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In Porto-Novo’s Afro-Brazilian Architecture, Traces of Complex History

As with many cities with aging infrastructure, Benin’s Porto-Novo has been exploring plans to revitalize its historic architecture. This type of historic preservation is a tricky business, however, as the restoration of these buildings also showcases the colonialism and slavery that brought them into being. Each building – many of their facades worn and crumbling from neglect – is a window into the complex history of Benin, a West African country on the Gulf of Guinea, home to about 12 million people. Like many parts of coastal West Africa, modern Benin was forged by the violent globalization of the slave trade, which left profound cultural influences on both sides of the Atlantic. And in recent years, as the government and private groups have pushed to renovate the city, it’s put a spotlight on the area’s heritage – including difficult, often controversial chapters related to slavery and colonialism, imprinted on each Afro-Brazilian building.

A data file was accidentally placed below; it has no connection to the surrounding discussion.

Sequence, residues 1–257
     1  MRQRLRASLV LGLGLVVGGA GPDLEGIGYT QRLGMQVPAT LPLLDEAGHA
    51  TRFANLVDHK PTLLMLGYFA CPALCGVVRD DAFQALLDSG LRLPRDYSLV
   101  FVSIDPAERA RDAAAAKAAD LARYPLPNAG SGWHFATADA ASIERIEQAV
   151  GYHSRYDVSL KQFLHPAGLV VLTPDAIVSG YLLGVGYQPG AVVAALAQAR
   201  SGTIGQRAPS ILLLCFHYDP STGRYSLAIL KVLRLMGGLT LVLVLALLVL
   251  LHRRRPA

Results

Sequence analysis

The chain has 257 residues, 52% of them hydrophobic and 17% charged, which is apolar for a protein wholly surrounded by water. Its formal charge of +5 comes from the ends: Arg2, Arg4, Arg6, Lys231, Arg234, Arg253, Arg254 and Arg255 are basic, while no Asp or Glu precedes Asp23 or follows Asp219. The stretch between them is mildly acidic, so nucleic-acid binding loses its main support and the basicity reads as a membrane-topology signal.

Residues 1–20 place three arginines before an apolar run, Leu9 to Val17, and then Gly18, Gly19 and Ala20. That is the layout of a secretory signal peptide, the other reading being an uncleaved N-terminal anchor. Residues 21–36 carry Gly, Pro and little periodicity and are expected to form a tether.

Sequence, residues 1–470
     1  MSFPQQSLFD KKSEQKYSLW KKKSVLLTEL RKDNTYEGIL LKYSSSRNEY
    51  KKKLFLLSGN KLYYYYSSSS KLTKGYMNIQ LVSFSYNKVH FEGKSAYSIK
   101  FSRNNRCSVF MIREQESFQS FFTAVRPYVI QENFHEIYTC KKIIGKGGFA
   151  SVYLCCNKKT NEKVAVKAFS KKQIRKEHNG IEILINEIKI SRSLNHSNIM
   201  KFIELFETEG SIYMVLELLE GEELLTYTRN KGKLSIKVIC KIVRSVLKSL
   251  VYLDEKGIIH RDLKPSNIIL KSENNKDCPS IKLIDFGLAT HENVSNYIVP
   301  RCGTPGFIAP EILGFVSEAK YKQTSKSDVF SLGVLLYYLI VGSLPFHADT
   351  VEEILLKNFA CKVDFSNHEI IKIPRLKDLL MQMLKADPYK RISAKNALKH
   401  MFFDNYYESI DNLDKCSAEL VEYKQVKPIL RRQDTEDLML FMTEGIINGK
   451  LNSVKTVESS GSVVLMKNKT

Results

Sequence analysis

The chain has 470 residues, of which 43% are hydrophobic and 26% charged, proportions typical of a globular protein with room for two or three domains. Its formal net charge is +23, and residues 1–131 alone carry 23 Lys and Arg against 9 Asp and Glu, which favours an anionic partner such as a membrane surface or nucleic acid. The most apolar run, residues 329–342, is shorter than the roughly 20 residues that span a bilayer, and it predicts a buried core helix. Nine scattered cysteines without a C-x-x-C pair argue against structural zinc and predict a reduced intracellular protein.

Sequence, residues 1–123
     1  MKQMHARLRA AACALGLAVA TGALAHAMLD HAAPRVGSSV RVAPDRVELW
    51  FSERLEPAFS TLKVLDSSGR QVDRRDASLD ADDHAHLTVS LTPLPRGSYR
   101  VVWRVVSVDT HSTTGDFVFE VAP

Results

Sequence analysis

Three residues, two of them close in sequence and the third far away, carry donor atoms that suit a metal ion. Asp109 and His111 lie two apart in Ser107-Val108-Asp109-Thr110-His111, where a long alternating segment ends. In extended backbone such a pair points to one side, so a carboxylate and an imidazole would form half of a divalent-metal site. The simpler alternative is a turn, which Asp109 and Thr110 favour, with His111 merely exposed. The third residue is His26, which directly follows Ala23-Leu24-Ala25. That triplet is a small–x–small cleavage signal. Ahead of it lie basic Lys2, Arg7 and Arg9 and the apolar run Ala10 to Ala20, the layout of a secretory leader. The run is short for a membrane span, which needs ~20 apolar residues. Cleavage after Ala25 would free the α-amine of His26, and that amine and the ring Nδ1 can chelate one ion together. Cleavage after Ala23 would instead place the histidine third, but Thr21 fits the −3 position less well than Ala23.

SOURCE: THE CHRISTIAN SCIENCE MONITOR